Because Gutterball uses events dispatched from Candlepin, reliable delivery of those events is extremely important for accuracy of the reports.

How Messages Are Sent

Candlepin events are dispatched first by submitting to an embedded Hornetq server using the core API. We have a small number of listeners configured to store a reduced version of the event in our database, write to /var/log/candlepin/audit.log, and optionally publish onto the AMQP bus. Hornetq gives us essentially asynchronous sending of events (the API call can return, events are sent in the background), as well as reliable delivery of the message.

It is also worth noting that events to be dispatched are gathered up during a REST API request and only sent after successful completion, if an error is encountered in Candlepin code after some event has been sent, that message will never make it to Hornetq or the message bus.

Our Hornetq messages are marked as ‘durable’, as are the queues they are sent to. By default hornetq stores its journal in /var/lib/candlepin/hornetq/.

To communicate with AMQP we use the Qpid JMS client, and thus we’re basically using JMS API.

Gutterball likewise uses the JMS API to receive the messages on the other end of the bus.

Message Delivery Error Scenarios

Qpid Message Bus Down

In this scenario, both Candlepin and Gutterball applications are live, but the Qpid message bus goes down for some reason. Both applications will log an error when this happens, they lose their connection to qpidd but continue to operate fine. Hornetq queues up messages in the durable queues we configure and will hold onto them, and re-attempt delivery the next time the application is restarted and qpidd is up.

This behaviour should hold true for any exception thrown in an EventListener, and as such we should not ignore exceptions in these classes if it’s important the event reach its destination.

Example Test

  1. Verify gutterball is receiving events by examining logs or database.
  2. systemctl stop qpidd * candlepin and gutterball will both log an error at this point, their connection to qpid has been lost and will not be re-established until tomcat is restarted. * Neither application will start until qpidd is back up. However, they will continue to operate fine if qpidd goes down after startup.
  3. Do anything that will trigger events, register, run spec tests, etc.
  4. Verify events are getting queued up: curl -k -u admin:admin https://localhost:8443/candlepin/admin/queues * This shows the hornetq queues and the messages pending delivery in each. Specifically you should see the AMQP listener is queuing up messages, the others should not.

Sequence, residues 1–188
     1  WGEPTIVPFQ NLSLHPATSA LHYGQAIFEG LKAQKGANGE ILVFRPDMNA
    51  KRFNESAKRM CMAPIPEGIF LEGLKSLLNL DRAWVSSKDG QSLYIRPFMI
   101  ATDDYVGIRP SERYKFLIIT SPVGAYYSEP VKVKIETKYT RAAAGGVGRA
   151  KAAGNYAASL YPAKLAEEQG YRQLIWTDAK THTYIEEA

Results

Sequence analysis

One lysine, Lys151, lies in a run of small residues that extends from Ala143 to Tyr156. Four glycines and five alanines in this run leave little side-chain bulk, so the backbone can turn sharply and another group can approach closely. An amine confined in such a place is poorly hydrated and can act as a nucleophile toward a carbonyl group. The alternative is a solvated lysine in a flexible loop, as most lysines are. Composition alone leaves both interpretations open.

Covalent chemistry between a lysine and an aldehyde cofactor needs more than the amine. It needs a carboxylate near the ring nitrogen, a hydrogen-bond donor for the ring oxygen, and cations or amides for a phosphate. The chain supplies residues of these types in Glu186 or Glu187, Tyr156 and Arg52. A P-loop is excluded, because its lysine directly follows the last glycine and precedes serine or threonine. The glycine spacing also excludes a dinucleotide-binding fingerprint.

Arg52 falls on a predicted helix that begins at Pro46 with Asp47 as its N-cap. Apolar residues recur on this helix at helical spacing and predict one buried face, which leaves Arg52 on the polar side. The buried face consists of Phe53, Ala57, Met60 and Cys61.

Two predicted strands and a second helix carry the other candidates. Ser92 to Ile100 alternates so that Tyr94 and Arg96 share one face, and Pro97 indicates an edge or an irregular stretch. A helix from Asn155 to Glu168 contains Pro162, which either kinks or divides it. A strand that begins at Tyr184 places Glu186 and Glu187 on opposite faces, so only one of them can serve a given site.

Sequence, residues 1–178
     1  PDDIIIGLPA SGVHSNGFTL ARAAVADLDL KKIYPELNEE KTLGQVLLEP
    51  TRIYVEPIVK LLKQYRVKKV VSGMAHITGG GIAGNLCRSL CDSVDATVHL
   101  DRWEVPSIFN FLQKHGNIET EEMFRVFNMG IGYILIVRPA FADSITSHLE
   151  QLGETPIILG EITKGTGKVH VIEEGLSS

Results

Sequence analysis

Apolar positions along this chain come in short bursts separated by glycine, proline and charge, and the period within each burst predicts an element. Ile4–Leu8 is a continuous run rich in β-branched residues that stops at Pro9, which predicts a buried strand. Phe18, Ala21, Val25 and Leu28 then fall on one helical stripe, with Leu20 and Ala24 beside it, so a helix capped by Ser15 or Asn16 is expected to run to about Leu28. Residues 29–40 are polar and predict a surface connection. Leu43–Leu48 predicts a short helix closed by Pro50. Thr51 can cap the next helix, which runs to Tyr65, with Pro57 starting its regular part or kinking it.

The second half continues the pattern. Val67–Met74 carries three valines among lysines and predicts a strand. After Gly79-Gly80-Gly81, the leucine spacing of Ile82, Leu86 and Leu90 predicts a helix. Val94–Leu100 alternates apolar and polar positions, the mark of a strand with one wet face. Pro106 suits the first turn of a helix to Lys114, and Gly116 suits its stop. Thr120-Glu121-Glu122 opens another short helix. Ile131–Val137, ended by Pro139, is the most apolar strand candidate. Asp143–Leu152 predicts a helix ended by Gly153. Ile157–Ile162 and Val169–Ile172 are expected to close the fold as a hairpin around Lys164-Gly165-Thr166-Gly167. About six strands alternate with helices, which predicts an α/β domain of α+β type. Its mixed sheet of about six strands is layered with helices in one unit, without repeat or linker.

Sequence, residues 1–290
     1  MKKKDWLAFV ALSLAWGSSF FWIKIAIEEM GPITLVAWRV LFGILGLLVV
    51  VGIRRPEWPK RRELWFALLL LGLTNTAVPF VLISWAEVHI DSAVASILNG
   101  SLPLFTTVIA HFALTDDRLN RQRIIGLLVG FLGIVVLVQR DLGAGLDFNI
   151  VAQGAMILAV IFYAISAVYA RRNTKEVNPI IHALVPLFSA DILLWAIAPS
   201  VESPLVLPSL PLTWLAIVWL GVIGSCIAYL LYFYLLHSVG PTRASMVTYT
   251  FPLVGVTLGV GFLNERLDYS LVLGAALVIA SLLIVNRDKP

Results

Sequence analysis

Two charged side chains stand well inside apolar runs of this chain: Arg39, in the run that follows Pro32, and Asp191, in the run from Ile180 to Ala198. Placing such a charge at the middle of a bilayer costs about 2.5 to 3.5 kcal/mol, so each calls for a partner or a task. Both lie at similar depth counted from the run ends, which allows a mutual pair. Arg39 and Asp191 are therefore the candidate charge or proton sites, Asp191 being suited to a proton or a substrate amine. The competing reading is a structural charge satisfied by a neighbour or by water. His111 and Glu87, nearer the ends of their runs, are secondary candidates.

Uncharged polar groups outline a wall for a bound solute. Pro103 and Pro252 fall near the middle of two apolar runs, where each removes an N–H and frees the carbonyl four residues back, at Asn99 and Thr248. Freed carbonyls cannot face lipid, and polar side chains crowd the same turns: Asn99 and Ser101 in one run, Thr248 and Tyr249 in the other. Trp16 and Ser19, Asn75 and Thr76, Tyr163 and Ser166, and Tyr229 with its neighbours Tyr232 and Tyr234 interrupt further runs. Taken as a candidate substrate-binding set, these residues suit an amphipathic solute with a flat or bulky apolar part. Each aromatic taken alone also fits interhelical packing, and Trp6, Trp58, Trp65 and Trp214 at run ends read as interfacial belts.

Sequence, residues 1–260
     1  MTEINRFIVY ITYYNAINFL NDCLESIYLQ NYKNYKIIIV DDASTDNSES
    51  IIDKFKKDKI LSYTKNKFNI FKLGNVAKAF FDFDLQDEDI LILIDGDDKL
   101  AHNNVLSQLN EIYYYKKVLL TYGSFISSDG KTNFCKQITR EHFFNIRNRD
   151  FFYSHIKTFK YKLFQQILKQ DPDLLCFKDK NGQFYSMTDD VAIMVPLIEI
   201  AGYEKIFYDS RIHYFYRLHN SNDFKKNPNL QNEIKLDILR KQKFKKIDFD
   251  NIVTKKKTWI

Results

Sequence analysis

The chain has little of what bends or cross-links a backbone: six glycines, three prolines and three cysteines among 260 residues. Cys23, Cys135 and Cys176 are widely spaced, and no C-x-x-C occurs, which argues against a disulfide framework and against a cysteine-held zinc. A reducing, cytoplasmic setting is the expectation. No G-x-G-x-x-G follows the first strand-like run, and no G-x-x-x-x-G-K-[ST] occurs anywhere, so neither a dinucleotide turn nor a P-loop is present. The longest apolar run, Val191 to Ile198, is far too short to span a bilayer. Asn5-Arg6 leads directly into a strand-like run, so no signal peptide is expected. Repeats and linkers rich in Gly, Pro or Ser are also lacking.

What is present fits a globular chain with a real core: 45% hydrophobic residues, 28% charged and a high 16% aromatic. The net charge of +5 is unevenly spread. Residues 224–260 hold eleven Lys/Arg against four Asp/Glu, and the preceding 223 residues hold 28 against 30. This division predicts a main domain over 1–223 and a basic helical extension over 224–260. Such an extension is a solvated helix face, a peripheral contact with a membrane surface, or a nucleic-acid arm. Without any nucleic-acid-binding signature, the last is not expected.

5. systemctl start qpidd
  6. systemctl restart tomcat
  7. Verify a flurry of events arrived in gutterball by examing logs or database.

Gutterball Application Is Down

If gutterball is down, events sit in the qpid exchange and will be sent when gutterball returns. The default JMS time-to-live is infinite and we do not appear to specify one specifically, so the message will remain there until gutterball returns.

Example Test

  1. Verify gutterball is receiving events by examining logs or database.
  2. rm -rf /var/lib/tomcat/webapps/gutterball*
  3. systemctl restart tomcat
  4. Do anything that would trigger an event, registering a new system for example.
  5. Re-deploy gutterball.
  6. Verify events made it to gutterball.

Gutterball Encounters An Error Recieving The Message

Event processing in gutterball is divided into two phases / transactions.

In the first, we attempt to simply get the event into our database with minimal processing. We parse JSON into an event, and store it in gb_event with a status that indicates it was received, then commit the transaction. If an exception is thrown in this phase, the event remains on the qpid exchange and will be re-tried whenever gutterball rejoins the bus. Note that this has been known to trigger the dreaded qpidd capacity exceeded error discussed below. However, errors here should be exceedingly rare. (no known situations can cause one)

In the second phase, we perform actual gutterball event processing. In this phase any exception should be caught and logged. Because we assigned the event an initial status of received, we know that any event remaining in the database in this state probably failed processing. (ignoring race condition for an event that is currently being processed) This phase has been known to fail due to bugs in the code, and on application upgrade, or perhaps on demand via an API call, gutterball could scan for such events and re-try.

Example Test

Really no options here other than to go to gutterball and insert explicit throw exception statements.

Qpidd Capacity Exceeded

A potential remaining problem is if the number of messages failing to import exceeds the amount qpidd is configured to store, which results in an exception: Enqueue capacity threshold exceeded. This exception seems to only surface in high volume scenarios (parallel spec tests) when events throw an exception when being received by gutterball. Because this is only possible in phase 1 now, and we do not know of any situations where this is possible, we are hopeful the two phase approach to message processing in gutterball will prevent this.

Last modified on 12 September 2016